What is Havana Syndrome? Microwave radiation likely cause for mystery illness in US diplomats in Cuba, says study

In 2018, there were reports that US intelligence considered Russia as a leading suspect in these 'deliberate attacks on diplomats and CIA officers overseas. But there was no conclusive intelligence

                            What is Havana Syndrome? Microwave radiation likely cause for mystery illness in US diplomats in Cuba, says study
US Embassy in Havana (Getty Images)

Unexplained brain injuries afflicted dozens of American diplomats and spies, but what was the truth behind this sudden affliction? According to a report by the National Academies of Sciences, there is now medical evidence to support the long-held opinion of American intelligence officials, that the mysterious neurological symptoms experienced by American diplomats in China and Cuba in 2017 are consistent with the effects of directed microwave energy.

The report, obtained by NBC News, does not conclude that the directed energy was delivered intentionally, by a weapon, as some US officials have long believed. But it gives rise to that possibility. The findings were transferred to Congress after bipartisan calls led by US Senator Jeanne Shaheen, a Democrat from New Hampshire who is a senior member of the Senate Foreign Relations and Armed Services Committees. She issued the following statement: “The health effects from these mysterious injuries have tormented those afflicted. Their illnesses and suffering are real and demand a response from Congress. American public servants and their families – who have been targeted – have requested that Congress receive and review this report, so I’m glad the State Department heeded our bipartisan call so we can get to work.”

According to the New Yorker, between December 30, 2016, and February 9, 2017, at least three CIA officers working under diplomatic cover in Cuba had reported troubling sensations that seemed to leave serious injuries. When CIA sent reinforcements to Havana, at least two of them were afflicted as well. The Americans suffered from headaches, dizziness, hearing a loud sound and feeling pressure in their heads, unsteady gait, visual disturbances and a range of other symptoms. Some even suffered longstanding, debilitating effects.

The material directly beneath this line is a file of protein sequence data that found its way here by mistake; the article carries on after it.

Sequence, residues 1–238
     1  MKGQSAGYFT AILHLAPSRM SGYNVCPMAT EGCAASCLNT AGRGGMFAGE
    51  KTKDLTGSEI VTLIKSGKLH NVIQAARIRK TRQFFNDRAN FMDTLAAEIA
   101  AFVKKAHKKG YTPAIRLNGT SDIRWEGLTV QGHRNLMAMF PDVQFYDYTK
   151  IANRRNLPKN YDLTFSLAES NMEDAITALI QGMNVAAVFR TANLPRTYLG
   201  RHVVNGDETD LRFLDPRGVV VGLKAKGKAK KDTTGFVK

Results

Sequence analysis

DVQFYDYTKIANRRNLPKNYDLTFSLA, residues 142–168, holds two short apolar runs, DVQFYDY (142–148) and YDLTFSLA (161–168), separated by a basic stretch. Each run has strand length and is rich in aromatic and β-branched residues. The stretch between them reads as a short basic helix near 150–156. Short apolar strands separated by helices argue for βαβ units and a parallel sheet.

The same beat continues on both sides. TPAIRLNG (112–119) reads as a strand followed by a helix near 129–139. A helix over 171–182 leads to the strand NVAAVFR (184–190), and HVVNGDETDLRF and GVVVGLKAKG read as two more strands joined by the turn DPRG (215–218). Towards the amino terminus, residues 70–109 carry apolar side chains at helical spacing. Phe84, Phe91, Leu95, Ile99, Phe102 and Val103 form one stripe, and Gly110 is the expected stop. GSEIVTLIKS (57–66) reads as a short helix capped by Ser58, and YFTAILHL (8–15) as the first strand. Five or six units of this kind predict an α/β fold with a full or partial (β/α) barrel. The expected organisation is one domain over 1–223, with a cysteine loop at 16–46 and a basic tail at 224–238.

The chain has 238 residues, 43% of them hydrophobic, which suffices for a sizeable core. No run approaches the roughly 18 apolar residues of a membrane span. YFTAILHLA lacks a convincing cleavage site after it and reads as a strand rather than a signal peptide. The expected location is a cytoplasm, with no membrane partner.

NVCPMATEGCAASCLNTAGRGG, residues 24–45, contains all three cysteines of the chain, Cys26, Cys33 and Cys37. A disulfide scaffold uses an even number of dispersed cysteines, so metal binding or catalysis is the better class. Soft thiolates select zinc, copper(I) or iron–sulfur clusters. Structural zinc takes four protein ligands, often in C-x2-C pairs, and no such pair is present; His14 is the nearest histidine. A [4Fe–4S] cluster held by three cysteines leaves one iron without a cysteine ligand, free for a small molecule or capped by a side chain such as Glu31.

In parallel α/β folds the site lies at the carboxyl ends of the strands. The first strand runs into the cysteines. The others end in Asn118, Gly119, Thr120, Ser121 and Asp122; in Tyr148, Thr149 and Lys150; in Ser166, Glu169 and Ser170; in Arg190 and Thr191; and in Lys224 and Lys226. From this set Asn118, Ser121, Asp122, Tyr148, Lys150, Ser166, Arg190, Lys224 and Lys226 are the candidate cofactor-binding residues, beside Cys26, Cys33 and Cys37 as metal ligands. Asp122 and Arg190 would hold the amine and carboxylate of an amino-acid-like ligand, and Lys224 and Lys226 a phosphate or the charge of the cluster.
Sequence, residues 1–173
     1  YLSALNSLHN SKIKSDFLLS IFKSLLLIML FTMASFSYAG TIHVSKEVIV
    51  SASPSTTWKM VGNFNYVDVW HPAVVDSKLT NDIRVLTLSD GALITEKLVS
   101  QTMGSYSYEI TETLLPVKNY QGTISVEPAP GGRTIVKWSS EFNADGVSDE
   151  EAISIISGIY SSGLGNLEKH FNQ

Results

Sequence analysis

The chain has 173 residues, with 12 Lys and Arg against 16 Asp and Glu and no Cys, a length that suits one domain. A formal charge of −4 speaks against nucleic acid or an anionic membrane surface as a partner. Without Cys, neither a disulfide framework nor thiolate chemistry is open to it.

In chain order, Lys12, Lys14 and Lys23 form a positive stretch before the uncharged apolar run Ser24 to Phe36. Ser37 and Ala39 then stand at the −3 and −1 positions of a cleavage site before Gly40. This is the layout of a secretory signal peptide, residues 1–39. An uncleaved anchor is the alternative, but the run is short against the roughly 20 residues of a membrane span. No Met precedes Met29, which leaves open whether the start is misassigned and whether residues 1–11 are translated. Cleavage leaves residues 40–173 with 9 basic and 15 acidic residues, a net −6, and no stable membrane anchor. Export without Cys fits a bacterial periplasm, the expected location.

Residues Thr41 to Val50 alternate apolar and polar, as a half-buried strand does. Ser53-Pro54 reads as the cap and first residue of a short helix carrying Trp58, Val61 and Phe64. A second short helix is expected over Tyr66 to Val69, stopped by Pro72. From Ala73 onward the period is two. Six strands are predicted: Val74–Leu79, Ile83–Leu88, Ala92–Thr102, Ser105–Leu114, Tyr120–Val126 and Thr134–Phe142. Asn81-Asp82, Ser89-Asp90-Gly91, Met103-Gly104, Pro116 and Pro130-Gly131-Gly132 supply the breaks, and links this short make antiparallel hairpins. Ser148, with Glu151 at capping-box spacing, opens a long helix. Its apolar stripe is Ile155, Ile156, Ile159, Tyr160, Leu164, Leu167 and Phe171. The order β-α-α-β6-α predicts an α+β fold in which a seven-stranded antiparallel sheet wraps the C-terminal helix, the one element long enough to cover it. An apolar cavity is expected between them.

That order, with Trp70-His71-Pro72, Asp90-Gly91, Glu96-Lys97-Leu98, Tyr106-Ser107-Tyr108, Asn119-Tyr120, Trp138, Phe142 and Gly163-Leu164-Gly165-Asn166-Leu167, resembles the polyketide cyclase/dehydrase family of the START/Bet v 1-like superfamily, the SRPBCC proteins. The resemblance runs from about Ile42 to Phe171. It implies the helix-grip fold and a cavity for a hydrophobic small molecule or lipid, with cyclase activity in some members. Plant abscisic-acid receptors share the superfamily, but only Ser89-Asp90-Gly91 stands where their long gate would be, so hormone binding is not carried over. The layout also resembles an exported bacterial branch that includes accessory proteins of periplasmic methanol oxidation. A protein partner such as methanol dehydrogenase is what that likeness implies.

As many as 40 State Department and other government employees had been studied by a team of medical and scientific experts studied the symptoms and noted that nothing like them had previously been documented in medical literature, according to the National Academies of Sciences report. Specialists studied their brains and determined that the injuries resembled concussions, like those suffered by soldiers struck by roadside bombs in Iraq and Afghanistan. But there were no signs of impact. The affliction didn’t have a name, so some of the victims started to refer to it simply as the Thing.

 “The committee felt that many of the distinctive and acute signs, symptoms and observations reported by (government) employees are consistent with the effects of directed, pulsed radio frequency (RF) energy,” the report says. “Studies published in the open literature more than a half-century ago and over the subsequent decades by Western and Soviet sources provide circumstantial support for this possible mechanism.”
While important questions persist, “the mere consideration of such a scenario raises grave concerns about a world with disinhibited malevolent actors and new tools for causing harm to others, as if the US government does not have its hands full already with naturally occurring threats,” says the report, edited by Dr David Relman, a professor in medicine, microbiolology and immunology at Stanford and Julie Pavlin, a physician who leads the National Academies of Sciences global health division in Washington.